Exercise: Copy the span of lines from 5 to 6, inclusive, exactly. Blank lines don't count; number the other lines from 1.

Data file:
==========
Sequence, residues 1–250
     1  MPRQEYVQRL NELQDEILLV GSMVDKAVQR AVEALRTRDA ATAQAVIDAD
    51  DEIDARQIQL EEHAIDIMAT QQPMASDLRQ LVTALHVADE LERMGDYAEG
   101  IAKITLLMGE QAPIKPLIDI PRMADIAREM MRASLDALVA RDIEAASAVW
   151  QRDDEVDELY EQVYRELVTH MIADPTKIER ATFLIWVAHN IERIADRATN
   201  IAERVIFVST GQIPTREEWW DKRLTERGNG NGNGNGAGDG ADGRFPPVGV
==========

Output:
   151  QRDDEVDELY EQVYRELVTH MIADPTKIER ATFLIWVAHN IERIADRATN
   201  IAERVIFVST GQIPTREEWW DKRLTERGNG NGNGNGAGDG ADGRFPPVGV